Rough Q2 for IAC




I wonder if Ask’s parent company is regretting spending the big bucks on Crispin, Bogusky + Porter yet—increased advertising costs for Ask.com was one of the many factors cited in contributing to poor results in this year’s Q2, as reported today.

Overall, InterActiveCorp’s revenue rose 5.6% over last year’s Q2, to $1.51 billion (after adjusting for “special items and one-time gains,” as Reuters put it). Their net profit nearly doubled to $95.97 million, up from $53.8 million last year. However, this growth only represents a one-cent increase in earnings per share over last year’s (and falls one cent short of analyst’s expectations).

Of course, in a business that includes everything from Ask.com to Match.com, from Ticketmaster to LendingTree to the Home Shopping Network, there are a lot of bills to pay—and a lot of businesses that can really undermine the company’s performance. Reuters attributes most of these fluctuations to IAC’s biggest businesses: the Home Shopping Network and Ticketmaster, both of which have seen some rough times lately. (However, the new Home Shopping Europe helped contribute to the upside, as well.)

As for specifics on Ask.com’s performance, Ask.com is part of their Media & Advertising business. That business, which is also home to Citysearch and Evite, saw revenues of $174 million, up from $131 million in Q2 2006. However, “due primarily to increased marketing costs and higher revenue share payments to third parties,” the business ended up operating at a loss of $10.7 million (better than last year’s $11.3 million loss, resulting in 6% growth).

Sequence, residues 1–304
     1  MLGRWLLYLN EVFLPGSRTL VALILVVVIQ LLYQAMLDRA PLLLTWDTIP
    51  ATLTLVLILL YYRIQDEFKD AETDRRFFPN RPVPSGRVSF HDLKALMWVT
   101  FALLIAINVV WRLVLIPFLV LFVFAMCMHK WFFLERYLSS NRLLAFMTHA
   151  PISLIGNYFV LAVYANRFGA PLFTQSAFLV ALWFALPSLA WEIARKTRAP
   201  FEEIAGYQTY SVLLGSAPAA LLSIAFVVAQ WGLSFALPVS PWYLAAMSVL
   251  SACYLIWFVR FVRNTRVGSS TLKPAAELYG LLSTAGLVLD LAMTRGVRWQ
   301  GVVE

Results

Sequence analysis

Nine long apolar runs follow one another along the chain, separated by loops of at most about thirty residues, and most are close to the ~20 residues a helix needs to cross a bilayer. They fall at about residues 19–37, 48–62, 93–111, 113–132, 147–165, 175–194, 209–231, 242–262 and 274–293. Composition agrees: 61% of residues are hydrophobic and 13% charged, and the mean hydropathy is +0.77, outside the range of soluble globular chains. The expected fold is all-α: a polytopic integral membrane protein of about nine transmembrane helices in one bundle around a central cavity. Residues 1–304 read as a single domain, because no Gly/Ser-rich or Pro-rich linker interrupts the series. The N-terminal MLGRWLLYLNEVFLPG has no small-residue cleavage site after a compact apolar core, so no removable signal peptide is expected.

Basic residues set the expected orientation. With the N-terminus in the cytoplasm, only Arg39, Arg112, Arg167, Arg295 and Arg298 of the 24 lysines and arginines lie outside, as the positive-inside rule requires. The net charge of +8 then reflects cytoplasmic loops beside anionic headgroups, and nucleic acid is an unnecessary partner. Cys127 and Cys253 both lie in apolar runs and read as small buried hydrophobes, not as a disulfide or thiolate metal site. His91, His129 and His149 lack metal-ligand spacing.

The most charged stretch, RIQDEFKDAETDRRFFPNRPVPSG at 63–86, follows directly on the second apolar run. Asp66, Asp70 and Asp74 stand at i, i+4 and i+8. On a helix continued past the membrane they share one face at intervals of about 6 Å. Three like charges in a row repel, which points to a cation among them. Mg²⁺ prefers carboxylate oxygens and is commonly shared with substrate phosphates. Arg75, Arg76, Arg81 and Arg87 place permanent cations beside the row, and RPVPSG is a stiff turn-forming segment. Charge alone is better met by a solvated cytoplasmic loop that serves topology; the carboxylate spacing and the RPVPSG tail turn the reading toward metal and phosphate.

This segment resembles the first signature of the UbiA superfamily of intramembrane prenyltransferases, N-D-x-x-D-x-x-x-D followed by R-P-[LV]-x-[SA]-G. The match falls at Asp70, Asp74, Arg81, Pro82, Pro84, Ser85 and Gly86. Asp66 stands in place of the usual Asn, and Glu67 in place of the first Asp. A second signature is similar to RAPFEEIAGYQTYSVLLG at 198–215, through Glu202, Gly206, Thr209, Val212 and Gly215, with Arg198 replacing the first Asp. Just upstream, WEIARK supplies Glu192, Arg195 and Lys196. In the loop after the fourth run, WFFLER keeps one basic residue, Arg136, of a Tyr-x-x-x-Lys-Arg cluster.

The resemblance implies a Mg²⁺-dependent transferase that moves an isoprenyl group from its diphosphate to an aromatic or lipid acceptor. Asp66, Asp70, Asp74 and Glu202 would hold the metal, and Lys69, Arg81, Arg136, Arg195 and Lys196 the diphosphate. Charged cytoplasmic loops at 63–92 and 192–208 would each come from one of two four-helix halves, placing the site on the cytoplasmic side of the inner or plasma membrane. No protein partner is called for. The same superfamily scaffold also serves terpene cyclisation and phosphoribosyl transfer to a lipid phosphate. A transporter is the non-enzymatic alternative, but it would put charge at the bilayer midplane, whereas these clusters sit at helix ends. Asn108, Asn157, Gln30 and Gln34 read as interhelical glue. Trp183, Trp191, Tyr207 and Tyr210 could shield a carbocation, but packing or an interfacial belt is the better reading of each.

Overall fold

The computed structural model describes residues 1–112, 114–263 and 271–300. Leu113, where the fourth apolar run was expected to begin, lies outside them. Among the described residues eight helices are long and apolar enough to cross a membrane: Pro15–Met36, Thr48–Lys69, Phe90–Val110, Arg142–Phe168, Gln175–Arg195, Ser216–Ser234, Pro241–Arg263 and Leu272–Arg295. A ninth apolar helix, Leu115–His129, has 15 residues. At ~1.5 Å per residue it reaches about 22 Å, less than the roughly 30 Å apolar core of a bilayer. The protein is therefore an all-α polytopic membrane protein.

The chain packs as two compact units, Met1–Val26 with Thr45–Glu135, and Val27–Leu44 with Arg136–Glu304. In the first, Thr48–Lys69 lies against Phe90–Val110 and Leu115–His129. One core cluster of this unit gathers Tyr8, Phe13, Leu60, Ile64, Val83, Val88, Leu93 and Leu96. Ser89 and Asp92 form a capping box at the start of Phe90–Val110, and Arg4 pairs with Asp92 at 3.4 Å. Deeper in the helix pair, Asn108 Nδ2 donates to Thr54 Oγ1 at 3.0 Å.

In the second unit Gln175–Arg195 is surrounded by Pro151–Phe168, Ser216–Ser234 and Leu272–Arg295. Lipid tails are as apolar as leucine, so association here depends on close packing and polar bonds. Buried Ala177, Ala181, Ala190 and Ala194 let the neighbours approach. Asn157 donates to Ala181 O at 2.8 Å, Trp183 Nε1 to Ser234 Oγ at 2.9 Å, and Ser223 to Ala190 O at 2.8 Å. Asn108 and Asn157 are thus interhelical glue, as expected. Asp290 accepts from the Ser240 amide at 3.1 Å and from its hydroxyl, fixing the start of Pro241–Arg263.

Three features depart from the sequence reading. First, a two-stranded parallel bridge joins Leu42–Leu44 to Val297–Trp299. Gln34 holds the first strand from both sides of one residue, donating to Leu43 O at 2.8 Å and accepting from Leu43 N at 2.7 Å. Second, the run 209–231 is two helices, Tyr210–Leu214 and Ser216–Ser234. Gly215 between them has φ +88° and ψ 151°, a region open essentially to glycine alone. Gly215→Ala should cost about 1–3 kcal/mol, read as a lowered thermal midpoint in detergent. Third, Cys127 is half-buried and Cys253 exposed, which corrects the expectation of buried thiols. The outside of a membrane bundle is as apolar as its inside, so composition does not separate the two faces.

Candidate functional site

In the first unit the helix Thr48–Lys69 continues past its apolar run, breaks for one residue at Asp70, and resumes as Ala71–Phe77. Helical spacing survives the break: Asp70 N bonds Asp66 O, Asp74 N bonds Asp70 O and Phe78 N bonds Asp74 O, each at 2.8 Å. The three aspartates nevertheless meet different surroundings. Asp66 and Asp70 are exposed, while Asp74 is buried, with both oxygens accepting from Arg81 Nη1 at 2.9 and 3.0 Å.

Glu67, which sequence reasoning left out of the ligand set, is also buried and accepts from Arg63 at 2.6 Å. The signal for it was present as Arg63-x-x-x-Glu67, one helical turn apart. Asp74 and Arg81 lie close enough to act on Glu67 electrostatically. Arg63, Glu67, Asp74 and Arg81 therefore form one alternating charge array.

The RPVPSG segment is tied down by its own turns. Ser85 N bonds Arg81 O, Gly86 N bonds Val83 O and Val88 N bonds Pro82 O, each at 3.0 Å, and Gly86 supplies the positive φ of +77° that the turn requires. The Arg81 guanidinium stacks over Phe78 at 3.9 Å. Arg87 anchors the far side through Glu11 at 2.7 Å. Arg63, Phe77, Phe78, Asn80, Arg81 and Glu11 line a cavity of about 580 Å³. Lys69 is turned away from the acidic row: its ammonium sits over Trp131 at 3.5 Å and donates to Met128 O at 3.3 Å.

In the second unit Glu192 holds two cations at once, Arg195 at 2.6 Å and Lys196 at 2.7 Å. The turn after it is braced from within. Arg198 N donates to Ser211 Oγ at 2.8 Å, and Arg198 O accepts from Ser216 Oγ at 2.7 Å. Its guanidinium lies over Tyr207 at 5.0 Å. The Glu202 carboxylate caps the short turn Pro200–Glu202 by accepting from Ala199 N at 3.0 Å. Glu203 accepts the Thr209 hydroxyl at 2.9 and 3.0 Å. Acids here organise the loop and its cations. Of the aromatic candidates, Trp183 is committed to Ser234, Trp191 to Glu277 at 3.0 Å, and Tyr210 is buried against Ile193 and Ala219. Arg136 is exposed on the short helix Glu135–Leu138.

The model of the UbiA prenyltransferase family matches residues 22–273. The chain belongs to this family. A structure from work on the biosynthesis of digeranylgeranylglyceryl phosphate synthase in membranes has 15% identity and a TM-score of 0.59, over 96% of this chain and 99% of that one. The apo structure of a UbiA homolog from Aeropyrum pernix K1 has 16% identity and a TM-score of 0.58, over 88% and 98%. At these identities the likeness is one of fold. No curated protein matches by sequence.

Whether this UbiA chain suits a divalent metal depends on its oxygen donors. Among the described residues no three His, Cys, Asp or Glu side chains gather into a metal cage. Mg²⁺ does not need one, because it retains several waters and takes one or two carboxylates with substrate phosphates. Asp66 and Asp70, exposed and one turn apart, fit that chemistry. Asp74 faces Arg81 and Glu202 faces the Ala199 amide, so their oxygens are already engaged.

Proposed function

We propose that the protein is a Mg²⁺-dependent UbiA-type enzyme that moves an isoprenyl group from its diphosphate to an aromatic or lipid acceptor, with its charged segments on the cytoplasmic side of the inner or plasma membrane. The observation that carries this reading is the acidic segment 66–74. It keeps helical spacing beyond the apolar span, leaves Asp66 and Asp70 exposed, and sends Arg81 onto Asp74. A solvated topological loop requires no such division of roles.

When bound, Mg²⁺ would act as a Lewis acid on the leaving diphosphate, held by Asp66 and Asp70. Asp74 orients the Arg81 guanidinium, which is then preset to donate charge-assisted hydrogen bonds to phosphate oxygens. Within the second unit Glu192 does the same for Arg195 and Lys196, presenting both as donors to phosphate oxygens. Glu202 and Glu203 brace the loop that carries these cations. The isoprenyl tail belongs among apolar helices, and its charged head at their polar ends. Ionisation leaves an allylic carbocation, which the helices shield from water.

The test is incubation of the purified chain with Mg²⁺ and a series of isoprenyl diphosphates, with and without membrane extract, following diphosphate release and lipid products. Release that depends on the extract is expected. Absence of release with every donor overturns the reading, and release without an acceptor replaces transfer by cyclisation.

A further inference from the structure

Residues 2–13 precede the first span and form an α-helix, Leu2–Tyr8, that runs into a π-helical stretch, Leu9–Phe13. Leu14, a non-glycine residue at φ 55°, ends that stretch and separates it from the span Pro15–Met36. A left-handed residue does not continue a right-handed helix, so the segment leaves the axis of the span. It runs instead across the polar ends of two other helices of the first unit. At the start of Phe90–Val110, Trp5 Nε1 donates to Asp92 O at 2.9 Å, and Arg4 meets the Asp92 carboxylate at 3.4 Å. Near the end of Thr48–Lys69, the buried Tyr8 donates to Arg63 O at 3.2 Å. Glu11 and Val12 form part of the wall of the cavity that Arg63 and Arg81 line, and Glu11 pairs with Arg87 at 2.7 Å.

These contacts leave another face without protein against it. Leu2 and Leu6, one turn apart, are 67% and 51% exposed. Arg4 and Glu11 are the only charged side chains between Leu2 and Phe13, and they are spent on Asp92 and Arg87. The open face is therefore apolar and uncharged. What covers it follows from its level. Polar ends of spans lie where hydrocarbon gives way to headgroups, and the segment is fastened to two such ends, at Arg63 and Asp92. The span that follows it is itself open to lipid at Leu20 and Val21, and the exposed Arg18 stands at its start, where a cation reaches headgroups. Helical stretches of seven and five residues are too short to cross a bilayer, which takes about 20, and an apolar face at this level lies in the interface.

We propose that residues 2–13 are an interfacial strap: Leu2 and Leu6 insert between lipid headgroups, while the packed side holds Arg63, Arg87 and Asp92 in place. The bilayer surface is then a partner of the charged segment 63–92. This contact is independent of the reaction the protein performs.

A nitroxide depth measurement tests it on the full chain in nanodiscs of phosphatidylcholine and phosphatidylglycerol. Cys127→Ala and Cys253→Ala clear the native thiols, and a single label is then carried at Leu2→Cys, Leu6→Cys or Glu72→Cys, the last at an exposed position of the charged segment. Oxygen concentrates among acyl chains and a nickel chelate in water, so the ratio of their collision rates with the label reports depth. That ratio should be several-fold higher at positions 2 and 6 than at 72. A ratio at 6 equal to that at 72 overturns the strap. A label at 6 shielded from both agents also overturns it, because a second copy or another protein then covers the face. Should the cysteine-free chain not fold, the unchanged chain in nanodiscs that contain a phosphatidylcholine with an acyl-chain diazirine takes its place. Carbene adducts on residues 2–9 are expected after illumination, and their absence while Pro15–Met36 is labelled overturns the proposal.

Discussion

The official earnings report acknowledges a few key points from this business:

Media & Advertising revenue growth was driven by an increase in queries from syndicated search and increased queries and revenue per query at Fun Web Products, partially offset by lower revenue per query across most other properties. As expected, users need fewer clicks to find what they are looking for on the new Ask.com, resulting in lower revenue per query since the launch in June but higher frequency and retention. Within IAC Search & Media, network revenue growth outpaced that of proprietary revenue, primarily due to an increase in syndicated sponsored listings. Proprietary revenue grew on the strength of Fun Web Products, partially offset by declines at Ask.com.

Media & Advertising Operating Income Before Amortization benefited from a reduction in the current year expense of $7 million resulting from the capitalization and amortization of costs related to the distribution of toolbars which began on April 1, 2007. These costs had previously been expensed as incurred. Absent this benefit, profits would have declined year-over-year due primarily to increased marketing costs and higher revenue share payments to third parties.

With at least some people disappointed with the results from every major search engine, will this negatively impact search marketing? Has search really begun to level out?